Yesterday, St. Louis Police Sergeant Ann Marie Dorn, widow of retired Captain David Dorn, who was gunned down earlier this summer during looting and rioting in downtown St. Louis, hosted a “March for Peace” in downtown St. Louis.
As we’ve reported previously, David Dorn was brutally murdered on June 2, 2020, after going to check out an alarm at Lee’s Pawn Shop, a business owned by a friend for whom he often provided security.
Ann Dorn gave a powerful presentation during the Republican National Convention. She and two of Captain Dorn’s sons were in attendance on the last night of the convention for President Trump’s acceptance speech.
The March for Peace yesterday started out with a beautiful rendition of the Star-Spangled Banner and a prayer from the St. Louis County Police Chaplain, and ended with a stirring speech from Ann Dorn. It began outside police headquarters and wound its way through downtown St. Louis, ending near the memorial for fallen officers outside the St. Louis City Courthouse.
Over one hundred people attended the march (including myself and my sweetheart).
While Ann Dorn was accompanied by Captain Dorn’s sons, his daughters have disagreed with what they perceive as the use of their father’s death as a political prop. They attended the march, as well, and had signs expressing their concerns.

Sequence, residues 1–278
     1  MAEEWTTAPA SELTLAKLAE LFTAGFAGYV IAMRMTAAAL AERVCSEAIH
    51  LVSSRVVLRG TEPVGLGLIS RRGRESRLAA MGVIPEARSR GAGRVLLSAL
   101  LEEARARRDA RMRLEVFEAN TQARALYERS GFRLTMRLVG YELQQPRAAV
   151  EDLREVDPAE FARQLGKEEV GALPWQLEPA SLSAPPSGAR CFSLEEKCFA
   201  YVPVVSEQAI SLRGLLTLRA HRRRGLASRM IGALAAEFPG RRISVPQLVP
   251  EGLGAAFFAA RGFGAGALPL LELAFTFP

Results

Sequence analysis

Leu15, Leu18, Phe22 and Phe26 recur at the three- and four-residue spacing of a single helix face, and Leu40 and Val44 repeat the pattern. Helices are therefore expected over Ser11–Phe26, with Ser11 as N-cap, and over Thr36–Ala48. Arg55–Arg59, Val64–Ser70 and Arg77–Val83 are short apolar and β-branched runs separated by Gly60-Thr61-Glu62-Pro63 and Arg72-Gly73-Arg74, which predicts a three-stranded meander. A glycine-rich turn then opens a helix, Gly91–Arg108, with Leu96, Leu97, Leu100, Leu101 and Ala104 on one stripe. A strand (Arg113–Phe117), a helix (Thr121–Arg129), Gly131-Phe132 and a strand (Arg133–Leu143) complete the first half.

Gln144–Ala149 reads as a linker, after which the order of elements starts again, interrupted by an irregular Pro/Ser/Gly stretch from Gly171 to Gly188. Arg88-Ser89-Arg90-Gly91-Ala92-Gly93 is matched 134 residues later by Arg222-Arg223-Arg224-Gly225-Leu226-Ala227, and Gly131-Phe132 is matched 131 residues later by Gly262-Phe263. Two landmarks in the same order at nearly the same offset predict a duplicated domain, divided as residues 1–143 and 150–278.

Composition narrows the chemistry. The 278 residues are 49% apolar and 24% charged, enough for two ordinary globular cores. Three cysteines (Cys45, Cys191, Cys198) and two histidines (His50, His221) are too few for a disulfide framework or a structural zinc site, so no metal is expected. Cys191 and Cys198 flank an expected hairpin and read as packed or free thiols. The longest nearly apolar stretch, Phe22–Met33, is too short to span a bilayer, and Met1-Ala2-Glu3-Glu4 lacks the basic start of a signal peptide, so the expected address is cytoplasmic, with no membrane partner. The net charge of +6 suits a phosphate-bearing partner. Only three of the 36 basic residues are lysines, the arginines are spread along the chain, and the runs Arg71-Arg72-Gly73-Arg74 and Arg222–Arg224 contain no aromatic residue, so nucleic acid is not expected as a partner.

While I fully support Dorn’s daughters’ right to share their concerns and express their own views, I want to make something exceedingly clear: Yesterday’s event was not a Trump rally. I didn’t observe a single Trump shirt or sign — not even a MAGA hat — among the crowd, nor was he mentioned throughout the event, other than when Ann’s speech from the RNC was replayed on the video truck toward the end of the ceremony.
The signs and t-shirts yesterday were all about support for Captain Dorn and for his and Ann Dorn’s fellow police officers. And though Dorn’s daughters criticized a lack of diversity among the crowd, there were most certainly White and Black participants in the event, including family members of police officers.
I also want to be clear about something else: Though they attended and held up their signs in protest, Dorn’s daughters marched alongside the rest of us and there was no shouting or confrontation between those of differing views. People hurting from their personal loss and holding divergent political views were still able to march, express their views, and do so peacefully and civilly.
When Ann Dorn was asked about the daughters’ opposition by KSDK, here is what she had to say:
I don’t want to air any family problems that we might have, I’m not sure what their issues are so I’m not going to speak on that at this time. I just know what my message is and my message has been about peace. One political party did give me a national platform to speak on … and I took that.
She was all class. And she’s a reminder of the heartache caused by senseless violence and the need for all of us to work toward peaceful solutions. Below is a video of her remarks at the end of the march.